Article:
# Stress on a statically indeterminate beam with nonuniform temperature distribution

The bar below has length $$a$$, an uniform cross-section and has both ends fixed to walls. The temperature at the left end is raised by $$\Delta T_1$$ and that of the right by $$\Delta T_2$$, where $$\Delta T_2 > \Delta T_1$$. The temperature change $$\Delta T$$ within the bar is linear from one end to the other. Take $$E$$, $$\alpha$$ and $$A$$ as constants. Determine the stress in the bar and disregard buckling.

I am assuming that the variation of temperature at any given point is given by

$$\Delta T = \Delta T_1 + \Delta T_x$$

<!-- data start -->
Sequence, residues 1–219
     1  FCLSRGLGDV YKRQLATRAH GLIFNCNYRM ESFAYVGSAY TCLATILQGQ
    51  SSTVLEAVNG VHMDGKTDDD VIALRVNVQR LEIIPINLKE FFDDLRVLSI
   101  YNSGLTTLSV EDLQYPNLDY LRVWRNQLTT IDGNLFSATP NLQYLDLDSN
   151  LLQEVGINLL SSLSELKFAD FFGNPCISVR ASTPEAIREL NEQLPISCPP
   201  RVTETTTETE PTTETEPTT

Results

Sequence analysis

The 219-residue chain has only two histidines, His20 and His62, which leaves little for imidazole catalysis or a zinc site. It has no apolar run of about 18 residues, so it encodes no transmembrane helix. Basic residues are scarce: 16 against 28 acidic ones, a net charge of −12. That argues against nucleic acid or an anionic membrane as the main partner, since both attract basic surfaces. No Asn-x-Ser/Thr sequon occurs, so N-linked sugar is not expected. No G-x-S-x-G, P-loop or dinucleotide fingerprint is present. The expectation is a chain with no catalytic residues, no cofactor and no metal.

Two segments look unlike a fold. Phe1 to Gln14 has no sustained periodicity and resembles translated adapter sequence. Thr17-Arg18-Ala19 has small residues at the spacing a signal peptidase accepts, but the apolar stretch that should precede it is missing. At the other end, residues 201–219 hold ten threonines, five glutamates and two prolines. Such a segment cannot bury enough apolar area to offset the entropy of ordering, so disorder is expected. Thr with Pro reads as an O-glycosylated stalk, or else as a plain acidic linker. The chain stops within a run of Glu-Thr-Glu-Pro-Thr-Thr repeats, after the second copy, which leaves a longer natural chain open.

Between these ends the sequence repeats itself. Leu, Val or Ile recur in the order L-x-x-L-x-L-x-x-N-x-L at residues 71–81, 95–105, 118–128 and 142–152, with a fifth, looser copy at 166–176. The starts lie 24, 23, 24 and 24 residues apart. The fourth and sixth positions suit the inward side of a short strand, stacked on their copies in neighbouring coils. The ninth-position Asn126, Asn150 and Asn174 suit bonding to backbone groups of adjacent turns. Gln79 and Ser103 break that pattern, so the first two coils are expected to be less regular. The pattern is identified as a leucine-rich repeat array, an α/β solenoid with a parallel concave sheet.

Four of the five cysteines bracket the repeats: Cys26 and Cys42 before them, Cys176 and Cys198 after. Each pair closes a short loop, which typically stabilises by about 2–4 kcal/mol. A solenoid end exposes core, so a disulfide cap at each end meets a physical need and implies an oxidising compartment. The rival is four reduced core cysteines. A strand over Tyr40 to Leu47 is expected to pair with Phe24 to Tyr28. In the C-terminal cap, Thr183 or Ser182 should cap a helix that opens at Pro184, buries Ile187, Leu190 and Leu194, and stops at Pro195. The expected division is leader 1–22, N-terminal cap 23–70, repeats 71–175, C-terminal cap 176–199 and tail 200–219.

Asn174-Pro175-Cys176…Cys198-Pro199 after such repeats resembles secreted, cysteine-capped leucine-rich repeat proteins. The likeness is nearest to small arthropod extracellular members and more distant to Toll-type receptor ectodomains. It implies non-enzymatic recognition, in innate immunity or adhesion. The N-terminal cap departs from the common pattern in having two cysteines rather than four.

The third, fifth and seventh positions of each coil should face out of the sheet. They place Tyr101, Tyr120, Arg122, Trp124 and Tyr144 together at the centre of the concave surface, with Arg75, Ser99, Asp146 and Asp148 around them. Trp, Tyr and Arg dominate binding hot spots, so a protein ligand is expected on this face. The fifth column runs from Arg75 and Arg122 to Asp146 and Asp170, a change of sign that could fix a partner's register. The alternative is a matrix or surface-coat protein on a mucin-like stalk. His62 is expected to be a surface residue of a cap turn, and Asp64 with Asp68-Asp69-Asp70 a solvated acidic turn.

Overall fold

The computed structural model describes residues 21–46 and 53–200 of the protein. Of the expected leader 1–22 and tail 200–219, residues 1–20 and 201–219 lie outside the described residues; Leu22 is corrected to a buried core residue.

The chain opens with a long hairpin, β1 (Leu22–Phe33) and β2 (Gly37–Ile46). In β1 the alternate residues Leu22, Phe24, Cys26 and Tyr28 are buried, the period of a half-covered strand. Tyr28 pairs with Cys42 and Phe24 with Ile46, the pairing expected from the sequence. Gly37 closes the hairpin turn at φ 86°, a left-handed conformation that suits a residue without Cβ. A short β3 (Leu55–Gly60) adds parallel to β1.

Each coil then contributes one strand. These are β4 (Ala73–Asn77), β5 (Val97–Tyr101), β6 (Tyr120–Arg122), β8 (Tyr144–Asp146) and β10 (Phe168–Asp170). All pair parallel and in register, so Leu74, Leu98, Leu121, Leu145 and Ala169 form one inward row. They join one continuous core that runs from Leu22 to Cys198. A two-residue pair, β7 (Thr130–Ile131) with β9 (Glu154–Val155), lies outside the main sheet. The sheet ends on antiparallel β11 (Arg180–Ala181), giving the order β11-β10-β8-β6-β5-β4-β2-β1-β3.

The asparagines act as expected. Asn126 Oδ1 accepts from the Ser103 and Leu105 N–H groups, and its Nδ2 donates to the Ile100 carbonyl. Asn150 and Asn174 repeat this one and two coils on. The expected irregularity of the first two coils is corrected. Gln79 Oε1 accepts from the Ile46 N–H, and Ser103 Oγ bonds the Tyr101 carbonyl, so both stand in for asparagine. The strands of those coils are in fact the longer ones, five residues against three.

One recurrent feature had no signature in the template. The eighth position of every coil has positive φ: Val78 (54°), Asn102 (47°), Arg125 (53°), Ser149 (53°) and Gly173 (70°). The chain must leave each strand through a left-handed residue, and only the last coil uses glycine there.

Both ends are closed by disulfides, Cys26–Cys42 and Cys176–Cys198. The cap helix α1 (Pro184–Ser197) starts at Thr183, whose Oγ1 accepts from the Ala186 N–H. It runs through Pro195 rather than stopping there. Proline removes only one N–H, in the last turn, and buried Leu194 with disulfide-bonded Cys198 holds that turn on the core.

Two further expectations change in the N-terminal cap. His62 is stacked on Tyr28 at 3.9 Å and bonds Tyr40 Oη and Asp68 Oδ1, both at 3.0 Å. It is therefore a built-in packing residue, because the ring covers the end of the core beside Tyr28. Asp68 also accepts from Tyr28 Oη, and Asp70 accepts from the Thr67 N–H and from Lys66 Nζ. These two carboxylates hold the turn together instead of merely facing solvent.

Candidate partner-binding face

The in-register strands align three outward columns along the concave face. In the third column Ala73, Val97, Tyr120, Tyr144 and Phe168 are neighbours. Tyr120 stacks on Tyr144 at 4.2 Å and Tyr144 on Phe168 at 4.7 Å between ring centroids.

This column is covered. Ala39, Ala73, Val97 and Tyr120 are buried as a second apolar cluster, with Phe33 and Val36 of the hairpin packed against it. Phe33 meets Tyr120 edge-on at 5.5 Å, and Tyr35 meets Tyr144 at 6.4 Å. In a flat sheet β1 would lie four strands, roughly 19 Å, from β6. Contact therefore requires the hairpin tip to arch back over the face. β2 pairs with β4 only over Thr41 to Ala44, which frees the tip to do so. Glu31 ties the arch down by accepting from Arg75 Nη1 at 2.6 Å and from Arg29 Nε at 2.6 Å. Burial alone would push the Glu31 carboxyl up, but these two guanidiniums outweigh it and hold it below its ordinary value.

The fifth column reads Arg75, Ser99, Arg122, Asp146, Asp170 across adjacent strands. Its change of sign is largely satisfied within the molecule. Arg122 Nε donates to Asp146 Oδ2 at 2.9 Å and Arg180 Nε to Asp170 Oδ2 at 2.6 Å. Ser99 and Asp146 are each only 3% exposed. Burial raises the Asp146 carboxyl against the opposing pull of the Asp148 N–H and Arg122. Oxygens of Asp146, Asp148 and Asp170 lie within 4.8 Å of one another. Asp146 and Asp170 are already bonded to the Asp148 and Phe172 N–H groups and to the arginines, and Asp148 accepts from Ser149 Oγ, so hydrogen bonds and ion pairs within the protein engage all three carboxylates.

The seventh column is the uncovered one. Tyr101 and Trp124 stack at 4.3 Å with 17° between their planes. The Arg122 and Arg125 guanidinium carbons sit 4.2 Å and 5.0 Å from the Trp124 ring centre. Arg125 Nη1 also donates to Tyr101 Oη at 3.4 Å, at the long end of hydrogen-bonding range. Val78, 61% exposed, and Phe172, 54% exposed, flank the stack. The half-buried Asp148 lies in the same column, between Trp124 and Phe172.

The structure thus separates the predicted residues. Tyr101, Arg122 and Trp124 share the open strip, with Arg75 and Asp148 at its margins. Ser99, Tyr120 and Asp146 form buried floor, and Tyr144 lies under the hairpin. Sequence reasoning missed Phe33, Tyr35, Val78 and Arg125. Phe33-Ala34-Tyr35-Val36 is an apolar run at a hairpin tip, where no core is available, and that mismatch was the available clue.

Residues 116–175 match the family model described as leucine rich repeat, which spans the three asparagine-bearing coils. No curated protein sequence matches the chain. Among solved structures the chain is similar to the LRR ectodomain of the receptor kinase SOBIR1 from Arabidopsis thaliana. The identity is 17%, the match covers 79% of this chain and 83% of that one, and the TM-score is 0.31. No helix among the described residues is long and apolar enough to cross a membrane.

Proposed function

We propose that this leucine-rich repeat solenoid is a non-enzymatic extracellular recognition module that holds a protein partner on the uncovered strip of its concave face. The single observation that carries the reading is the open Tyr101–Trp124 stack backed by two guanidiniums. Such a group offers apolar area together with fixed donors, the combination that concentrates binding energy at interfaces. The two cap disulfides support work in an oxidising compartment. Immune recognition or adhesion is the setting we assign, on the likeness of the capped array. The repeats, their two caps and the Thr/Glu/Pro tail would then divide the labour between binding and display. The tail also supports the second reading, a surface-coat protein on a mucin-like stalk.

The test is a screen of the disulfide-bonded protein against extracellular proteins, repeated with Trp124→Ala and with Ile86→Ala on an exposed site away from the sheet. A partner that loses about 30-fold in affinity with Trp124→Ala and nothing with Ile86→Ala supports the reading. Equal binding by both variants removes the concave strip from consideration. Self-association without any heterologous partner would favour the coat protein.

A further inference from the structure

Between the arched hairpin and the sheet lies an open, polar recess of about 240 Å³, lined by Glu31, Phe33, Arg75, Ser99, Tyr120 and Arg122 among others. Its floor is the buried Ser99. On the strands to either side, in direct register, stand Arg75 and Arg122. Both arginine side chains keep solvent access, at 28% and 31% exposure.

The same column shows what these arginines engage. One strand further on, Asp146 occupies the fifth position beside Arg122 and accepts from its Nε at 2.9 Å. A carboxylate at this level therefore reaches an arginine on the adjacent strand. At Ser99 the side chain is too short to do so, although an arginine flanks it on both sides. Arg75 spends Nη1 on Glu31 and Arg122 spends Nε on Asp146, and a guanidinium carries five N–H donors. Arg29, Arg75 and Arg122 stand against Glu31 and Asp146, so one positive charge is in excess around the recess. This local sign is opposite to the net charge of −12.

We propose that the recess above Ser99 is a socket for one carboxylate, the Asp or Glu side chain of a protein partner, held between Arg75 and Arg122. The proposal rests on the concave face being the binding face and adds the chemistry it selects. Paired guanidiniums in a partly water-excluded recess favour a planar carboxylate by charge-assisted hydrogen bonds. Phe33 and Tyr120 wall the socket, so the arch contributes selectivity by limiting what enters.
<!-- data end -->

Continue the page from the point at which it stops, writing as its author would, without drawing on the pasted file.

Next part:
Where

$$\Delta T_x = \frac{x}{a} (\Delta T_2 - \Delta T_1)$$

Knowing that this is a statically indeterminate beam, we have that the deflection given by the thermal increase $$(\delta_T)$$ is "compensated" by the load-displacement given by the reaction of the wall $$(\delta_P)$$. The compatibility equation is therefore

$$\delta_{T} - \delta_{P} = 0$$

For a small $$dx$$, $$\delta_T$$ is

$$d\delta_T = \alpha \Delta T dx$$

and $$\delta_P$$ is

$$d\delta_P = \frac{\sigma}{E}~dx$$

After replacing the differentials in the compatibility equation and integrating from $$0$$ to $$a$$, I have found the following result

$$\sigma_T = E\alpha \frac{\Delta T_1 + \Delta T_2}{2}$$

I was wondering if my approach to this problem is correct. If not, what did I do wrong?

your approach is correct. Because the function $$f(T)$$ is linear, we could break the beam into an infinitesimal number of small dx lengths.